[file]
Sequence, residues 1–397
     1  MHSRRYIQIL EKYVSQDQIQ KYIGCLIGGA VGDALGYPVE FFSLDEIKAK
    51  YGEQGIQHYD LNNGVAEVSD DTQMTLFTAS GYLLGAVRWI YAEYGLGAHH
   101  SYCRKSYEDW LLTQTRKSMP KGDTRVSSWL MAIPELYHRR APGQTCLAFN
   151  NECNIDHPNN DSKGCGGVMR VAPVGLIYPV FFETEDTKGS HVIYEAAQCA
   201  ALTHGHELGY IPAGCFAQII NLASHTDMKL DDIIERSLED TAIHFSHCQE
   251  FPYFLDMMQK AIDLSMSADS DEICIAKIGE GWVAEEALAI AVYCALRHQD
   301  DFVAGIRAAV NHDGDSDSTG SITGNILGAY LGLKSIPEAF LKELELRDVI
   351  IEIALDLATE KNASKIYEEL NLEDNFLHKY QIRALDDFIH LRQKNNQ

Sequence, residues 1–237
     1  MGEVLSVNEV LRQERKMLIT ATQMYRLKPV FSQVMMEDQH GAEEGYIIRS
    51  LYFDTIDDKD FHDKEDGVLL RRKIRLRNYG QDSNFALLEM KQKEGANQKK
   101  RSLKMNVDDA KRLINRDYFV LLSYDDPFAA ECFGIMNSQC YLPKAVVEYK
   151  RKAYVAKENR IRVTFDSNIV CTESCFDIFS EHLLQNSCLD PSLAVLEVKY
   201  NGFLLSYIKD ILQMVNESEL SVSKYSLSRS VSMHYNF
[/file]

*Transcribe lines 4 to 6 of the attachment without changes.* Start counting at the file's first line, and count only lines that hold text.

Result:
   101  SYCRKSYEDW LLTQTRKSMP KGDTRVSSWL MAIPELYHRR APGQTCLAFN
   151  NECNIDHPNN DSKGCGGVMR VAPVGLIYPV FFETEDTKGS HVIYEAAQCA
   201  ALTHGHELGY IPAGCFAQII NLASHTDMKL DDIIERSLED TAIHFSHCQE